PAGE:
FPGA Multicore Emulation

FPGA-based Multicore Microprocessor Emulation

What is it about?

Hitex has enabled Infineon to expedite development of its AURIX multicore 32-bit microcontroller (MCU) architecture by developing a complete FPGA real-time microprocessor simulation platform, Meridian.

The project was realized from Hitex Uk.

This multicore architecture is the foundation of Infineon’s next generation MCU family for automotive powertrain and safety applications. The multicore architecture features up to three processor cores to share the application load, includes lockstep cores and contains further enhanced safety mechanisms to support applications up to ISO 26262 ASIL-D. As this is a major step in a fast-moving market, it was vital for Infineon to be able to prove as much as possible before real silicon was available. We thought it would be interesting for engineers to share our experiences in such an interesting challenge – from both hardware and software perspectives.

Debugging the chicken and the egg

Traditionally, it has only been possible to develop the debugger once the silicon was available, but without the debugger, it wasn’t possible to test the debug interface! The Meridian microprocessorsimulator platform  allowed a new approach to debugging: where the debugging could previously only be carried out once the silicon was available, the Hitex HiTOP debugger was developed using the FPGA multicore simulation before arrival of the real silicon, so that Hitex could ensure that HiTOP could meet the challenge of debugging multiple processing cores on a single chip. For instance, in a single core system there is normally only one entity to be debugged via one JTAG connection; the Meridian platform, however, also supports multicore configurations, so every JTAG command needs to specify the target core as well, implying some routing and arbitration. The debugger needs to be able to connect to the specific core under test and differentiate between them.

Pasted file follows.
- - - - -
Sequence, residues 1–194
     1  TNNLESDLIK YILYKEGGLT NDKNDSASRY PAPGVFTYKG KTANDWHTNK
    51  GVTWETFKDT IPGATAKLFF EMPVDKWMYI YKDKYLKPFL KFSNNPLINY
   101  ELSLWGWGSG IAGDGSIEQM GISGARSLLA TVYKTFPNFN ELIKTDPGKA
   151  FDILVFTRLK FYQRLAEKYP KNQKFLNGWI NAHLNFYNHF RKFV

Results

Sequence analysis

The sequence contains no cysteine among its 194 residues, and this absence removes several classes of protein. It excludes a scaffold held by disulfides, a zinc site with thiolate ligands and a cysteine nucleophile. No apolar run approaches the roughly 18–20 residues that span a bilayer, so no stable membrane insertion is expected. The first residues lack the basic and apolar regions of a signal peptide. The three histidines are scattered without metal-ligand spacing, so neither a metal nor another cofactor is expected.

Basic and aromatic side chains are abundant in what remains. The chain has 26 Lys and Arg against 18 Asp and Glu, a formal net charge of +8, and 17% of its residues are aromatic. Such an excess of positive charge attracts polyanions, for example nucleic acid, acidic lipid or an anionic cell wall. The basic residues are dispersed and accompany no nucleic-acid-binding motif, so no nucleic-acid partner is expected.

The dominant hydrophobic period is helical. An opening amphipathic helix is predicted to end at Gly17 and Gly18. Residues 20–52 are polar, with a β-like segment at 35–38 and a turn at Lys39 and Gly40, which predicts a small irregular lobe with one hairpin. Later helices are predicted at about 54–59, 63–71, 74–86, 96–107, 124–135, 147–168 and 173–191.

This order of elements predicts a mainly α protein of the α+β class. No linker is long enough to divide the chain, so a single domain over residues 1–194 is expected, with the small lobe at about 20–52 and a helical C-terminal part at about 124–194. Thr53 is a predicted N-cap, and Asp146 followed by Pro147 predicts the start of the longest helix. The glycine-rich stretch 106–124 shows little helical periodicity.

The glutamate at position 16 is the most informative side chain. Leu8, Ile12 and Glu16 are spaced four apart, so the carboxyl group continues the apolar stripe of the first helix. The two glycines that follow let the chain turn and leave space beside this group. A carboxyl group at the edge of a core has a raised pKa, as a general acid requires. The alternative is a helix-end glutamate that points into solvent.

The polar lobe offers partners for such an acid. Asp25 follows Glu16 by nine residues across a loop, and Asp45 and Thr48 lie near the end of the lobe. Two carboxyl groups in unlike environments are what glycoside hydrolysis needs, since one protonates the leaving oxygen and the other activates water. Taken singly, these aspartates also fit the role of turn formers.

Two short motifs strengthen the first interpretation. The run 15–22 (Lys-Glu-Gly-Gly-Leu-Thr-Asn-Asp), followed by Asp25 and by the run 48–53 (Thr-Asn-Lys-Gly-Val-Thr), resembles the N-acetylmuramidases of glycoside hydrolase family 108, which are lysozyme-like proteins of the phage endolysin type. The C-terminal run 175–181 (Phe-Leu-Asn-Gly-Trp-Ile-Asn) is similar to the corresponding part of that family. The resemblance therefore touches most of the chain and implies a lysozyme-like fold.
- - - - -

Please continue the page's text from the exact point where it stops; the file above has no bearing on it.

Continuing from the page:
These first versions of multicore compilers and debuggers, targeted at multicore applications, are now available to selected partners for evaluation.

Safety first

A vital part of Infineon’s automotive microcontroller strategy is to incorporate advanced features needed for safety-critical systems, such as ECC on internal buses and RAM together with new IP blocks to monitor bus accesses, memory violations etc. The Meridian board has the ability to test these, and also includes a CIC61508 Safety Monitor intelligent watchdog device, so that the dedicated safety IP can be proven and developed (hardware and software) before the real silicon is available. Obviously, with something as valuable as an entire microcontroller’s IP, it was necessary to protect the FPGA image from being reverse-engineered. This means that every image, stored on a simple SD card, is encrypted using an AES 128-bit encryption key; a matching key is blown into the FPGA as a one-time programmable operation. Losing the key is not an option – it would render the £8000 FPGA useless for future images!

What next?

Hitex and Infineon are still exploring the benefits of the Meridian platform – it is already being used for EU-funded research projects into new safety-critical architectures and power control systems. The approach is complementary to other software based simulation tools, so provides Infineon with a generic platform to further tune and experiment with future architectures, all in pursuit of  maximising performance and building architectures that are right first time.